An employer-sponsored 401k provides you with a convenient way to save money for your retirement years. Rules exist that limit access to 401k funds before retirement age, but if you become disabled, you can access the money sooner than that.
Both you and your employer can contribute money to your 401k account. You deposit this money on a pre-tax basis, and the account grows tax-deferred. This means you only have to pay tax when you make withdrawals. The Internal Revenue Service regards age 59 1/2 as the official retirement age. You normally have to pay a 10 percent tax penalty on 401k withdrawals made prior to this age. You pay this in addition to federal and state income tax.
You don't have to pay the 10 percent premature-withdrawal penalty if you withdraw 401k funds as the result of a long-term disability. However, you can't avoid paying regular state and federal income tax. Most 401k plans contain a mixture of stocks, bonds and mutual funds. You can instruct the plan custodian to liquidate these assets and mail you a check with the sale proceeds. This process normally takes about a week, and the custodian normally withholds 20 percent of your cash to cover income tax. You may get some of this money back at the end of the tax year if you fall into a lower tax bracket.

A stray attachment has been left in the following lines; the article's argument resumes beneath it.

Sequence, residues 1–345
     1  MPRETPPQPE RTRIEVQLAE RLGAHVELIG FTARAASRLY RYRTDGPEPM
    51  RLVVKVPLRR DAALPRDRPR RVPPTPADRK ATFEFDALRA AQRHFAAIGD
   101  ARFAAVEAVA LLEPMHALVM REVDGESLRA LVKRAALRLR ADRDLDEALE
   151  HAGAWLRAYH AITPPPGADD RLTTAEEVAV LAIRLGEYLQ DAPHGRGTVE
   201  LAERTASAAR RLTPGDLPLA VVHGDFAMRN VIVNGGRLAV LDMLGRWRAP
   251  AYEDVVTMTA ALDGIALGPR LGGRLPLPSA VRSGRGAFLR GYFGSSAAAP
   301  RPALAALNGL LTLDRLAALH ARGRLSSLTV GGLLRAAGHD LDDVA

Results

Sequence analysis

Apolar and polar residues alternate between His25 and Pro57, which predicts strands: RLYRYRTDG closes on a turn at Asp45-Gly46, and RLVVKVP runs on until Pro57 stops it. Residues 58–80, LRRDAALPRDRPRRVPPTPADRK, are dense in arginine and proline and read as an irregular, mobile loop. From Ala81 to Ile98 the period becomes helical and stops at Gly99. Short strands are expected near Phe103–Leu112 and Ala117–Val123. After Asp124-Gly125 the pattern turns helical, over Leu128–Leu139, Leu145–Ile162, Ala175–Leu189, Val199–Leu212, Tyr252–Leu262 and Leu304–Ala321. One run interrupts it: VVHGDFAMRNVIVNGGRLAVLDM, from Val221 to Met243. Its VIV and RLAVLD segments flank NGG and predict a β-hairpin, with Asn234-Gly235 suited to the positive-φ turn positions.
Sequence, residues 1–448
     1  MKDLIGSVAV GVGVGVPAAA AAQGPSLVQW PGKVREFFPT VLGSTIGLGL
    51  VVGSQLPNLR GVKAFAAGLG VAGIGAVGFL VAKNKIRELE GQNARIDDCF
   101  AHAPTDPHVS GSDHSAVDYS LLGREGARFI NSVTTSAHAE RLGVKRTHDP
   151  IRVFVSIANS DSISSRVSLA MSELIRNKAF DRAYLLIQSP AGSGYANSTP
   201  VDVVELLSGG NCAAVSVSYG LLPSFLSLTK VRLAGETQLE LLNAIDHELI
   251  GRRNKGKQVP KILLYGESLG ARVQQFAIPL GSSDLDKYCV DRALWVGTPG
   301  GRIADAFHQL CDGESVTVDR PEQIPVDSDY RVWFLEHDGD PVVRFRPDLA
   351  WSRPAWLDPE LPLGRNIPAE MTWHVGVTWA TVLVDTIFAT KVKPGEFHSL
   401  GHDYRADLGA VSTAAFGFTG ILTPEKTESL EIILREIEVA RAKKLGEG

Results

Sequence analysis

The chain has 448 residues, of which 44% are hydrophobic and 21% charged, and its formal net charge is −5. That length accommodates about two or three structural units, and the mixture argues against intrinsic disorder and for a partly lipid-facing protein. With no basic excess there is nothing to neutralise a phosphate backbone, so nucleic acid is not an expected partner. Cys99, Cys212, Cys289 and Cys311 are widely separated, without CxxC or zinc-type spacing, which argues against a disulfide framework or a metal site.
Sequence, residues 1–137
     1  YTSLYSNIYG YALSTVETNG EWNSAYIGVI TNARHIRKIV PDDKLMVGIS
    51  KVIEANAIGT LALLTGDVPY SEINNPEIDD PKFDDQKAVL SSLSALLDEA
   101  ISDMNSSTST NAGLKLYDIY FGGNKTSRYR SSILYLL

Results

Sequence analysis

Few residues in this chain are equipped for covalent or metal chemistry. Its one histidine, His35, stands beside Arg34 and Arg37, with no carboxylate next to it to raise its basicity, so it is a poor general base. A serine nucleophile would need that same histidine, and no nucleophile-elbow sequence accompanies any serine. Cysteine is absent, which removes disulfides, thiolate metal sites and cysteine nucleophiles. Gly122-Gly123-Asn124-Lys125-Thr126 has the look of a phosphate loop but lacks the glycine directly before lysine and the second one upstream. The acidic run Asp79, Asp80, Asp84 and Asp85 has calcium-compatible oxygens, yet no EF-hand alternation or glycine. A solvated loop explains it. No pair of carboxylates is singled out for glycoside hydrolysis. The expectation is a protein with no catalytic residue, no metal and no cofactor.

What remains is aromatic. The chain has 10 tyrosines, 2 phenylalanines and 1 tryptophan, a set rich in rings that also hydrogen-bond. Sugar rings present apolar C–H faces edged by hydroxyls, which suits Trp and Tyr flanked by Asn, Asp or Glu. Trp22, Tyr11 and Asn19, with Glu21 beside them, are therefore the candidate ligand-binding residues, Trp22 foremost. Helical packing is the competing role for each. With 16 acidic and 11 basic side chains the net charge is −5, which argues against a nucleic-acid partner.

To make a penalty-free 401k withdrawal, you must have a mental or physical condition that prevents you from engaging in gainful activities or work. The condition must be expected to last for at least 12 months. Your condition must be diagnosed by a physician, and you may have to turn in a physician's letter to the IRS. This not only enables you to gain access your 401k funds without penalty, but it also means you're potentially able to claim a disability federal tax credit.
The money that you deposit in your 401k account belongs to you, but the money that your employer contributes still belongs to your employer for a period of time. Employer contributions gradually become yours through a process known as vesting. Under federal laws, a 401k plan may have a five-year vesting schedule, which means your employer's contributions become yours at a rate of 20 percent per year. Disability or not, you lose nonvested funds when you cash in your 401k.
- Jupiterimages/Photos.com/Getty Images